Any career regrets?

Not really! I’ve tried so many different companies, all with different cultures. I’ve had a very interesting career, and I always think that that job I have now is the most important one. I say to other people ‘don’t complain about your situation – you took the job!’. Take control, drive things forward – if you want a salary rise, ask for one and explain why.

I’m happy I chose tax – it was the right decision for me. Tax is like a piece of art of me.

How is tax like art?

If you know your legislation and how to see connections within the business, tax professionals can figure out beautiful plans to save money and serve the business. We must always consider the ethics of our actions – we don’t just do things because we can. But there is pleasure in finding solutions for the business.

For example, I had just joined one organisation and due to the way we were structured and set up historically we had to pay £5m in tax. Working in partnership with PWC, we found a solution that reduced our exposure, reduced risk and was ethical – all by understanding the law, the detail and thinking creatively.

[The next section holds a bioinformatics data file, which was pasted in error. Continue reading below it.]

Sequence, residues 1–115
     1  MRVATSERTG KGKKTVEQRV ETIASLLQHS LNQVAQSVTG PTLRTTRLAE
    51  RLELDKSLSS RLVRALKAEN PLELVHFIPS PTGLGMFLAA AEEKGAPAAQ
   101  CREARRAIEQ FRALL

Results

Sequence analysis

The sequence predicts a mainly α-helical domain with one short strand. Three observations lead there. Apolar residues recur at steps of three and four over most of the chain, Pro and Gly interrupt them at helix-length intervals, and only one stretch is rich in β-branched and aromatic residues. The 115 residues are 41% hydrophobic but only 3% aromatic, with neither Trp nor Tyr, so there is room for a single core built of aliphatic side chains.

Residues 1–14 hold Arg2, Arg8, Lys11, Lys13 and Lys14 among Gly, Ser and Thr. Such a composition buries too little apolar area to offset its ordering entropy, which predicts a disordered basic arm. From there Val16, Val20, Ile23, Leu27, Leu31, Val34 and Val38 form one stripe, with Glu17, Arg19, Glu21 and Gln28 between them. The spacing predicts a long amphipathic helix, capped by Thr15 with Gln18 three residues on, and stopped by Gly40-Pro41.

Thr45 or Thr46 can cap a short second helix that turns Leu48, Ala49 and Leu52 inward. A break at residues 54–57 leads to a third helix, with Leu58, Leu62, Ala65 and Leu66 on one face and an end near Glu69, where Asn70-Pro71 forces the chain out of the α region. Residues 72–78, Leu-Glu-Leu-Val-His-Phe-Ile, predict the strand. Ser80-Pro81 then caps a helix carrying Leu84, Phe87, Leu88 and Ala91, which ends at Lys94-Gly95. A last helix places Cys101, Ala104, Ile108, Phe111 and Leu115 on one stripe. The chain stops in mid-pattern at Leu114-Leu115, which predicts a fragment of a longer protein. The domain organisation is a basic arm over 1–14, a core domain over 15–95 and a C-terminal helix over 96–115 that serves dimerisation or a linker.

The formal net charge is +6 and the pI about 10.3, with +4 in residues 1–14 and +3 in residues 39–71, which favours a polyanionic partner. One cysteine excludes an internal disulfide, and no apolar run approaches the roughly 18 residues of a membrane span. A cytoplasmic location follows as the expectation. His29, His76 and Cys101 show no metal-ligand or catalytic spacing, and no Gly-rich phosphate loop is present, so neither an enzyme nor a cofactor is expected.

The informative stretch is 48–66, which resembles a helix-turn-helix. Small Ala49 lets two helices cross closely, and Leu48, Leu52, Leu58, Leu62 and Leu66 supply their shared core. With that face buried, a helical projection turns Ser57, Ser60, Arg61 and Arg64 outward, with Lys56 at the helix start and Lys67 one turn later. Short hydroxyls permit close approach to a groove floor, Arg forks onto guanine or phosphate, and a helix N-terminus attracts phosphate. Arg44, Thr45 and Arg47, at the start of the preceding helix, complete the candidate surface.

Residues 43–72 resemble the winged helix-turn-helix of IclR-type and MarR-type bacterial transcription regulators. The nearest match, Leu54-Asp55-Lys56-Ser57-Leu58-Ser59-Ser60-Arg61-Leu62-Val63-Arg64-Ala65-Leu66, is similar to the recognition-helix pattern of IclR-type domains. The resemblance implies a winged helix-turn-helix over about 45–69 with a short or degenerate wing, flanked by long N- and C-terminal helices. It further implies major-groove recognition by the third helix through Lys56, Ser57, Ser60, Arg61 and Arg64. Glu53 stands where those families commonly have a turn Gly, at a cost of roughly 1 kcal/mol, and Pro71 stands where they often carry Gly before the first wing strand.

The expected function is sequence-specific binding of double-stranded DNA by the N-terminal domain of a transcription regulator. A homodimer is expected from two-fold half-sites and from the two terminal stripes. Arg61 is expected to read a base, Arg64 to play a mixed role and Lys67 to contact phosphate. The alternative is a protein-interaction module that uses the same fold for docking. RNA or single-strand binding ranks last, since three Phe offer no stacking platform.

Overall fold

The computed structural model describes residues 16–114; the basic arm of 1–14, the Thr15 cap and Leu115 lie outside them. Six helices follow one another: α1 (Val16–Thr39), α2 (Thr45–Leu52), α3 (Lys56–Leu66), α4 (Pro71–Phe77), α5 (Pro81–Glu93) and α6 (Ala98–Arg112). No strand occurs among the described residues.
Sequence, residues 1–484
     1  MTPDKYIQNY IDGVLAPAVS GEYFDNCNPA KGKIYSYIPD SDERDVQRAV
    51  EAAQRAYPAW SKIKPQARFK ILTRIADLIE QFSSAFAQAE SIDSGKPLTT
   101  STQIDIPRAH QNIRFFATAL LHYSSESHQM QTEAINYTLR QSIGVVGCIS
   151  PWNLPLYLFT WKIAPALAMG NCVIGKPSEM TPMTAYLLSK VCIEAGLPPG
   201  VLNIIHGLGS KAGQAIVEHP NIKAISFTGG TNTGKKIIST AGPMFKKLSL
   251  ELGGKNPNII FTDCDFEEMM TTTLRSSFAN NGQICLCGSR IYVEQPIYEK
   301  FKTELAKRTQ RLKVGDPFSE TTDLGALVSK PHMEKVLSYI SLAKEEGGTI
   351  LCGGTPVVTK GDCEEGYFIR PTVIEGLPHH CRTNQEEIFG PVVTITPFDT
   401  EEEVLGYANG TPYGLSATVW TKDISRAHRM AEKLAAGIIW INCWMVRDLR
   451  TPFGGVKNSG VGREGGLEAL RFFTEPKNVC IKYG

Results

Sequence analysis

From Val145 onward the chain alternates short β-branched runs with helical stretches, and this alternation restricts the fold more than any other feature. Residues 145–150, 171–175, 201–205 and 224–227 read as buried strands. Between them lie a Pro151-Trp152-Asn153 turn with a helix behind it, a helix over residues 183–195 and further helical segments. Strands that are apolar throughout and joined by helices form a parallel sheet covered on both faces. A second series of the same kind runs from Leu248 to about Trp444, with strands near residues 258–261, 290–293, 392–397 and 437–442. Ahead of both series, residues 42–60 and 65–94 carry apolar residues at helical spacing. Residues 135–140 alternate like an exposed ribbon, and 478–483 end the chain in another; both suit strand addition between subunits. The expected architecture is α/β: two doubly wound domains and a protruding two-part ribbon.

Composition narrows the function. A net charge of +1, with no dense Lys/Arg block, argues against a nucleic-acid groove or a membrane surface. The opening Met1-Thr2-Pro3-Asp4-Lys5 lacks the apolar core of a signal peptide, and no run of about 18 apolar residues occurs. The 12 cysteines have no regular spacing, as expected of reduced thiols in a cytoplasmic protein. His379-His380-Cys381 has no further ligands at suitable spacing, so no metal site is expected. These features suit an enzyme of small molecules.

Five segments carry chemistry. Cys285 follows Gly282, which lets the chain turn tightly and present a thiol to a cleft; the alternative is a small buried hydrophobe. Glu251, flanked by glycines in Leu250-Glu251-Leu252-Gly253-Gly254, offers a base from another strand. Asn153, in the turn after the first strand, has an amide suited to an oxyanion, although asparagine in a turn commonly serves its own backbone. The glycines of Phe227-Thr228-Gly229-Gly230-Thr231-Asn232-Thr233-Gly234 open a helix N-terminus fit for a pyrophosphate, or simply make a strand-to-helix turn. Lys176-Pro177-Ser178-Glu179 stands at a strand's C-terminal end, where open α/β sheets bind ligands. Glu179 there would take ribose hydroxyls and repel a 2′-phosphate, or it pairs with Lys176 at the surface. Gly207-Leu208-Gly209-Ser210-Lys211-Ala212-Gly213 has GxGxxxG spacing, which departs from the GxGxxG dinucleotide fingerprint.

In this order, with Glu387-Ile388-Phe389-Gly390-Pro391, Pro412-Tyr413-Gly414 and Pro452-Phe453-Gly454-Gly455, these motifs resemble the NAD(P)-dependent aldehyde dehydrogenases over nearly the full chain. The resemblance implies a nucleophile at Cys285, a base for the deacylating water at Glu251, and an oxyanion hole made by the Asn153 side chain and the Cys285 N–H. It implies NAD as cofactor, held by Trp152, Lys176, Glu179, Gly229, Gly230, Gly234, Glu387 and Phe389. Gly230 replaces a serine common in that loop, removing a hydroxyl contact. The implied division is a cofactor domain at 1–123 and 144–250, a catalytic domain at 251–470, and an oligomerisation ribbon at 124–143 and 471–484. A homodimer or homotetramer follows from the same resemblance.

We’ve seen how a broader understanding of the business, clear communications and the power of teamwork have driven Henning’s career trajectory. For more in our ‘Lessons from Leaders’ series, and to discover Henning’s thoughts on the future of tax, visit our Insights page. If you’d like to discuss your next tax role, please get in touch.

The Future of Tax

Future of Tax HMRC Building
Future of Tax HMRC Building

Henning Lauritsen is Acting Head of Tax at Wyelands Capital (GFG Alliance). We hear Henning’s three predictions for the future of tax

A closer relationship with tax authorities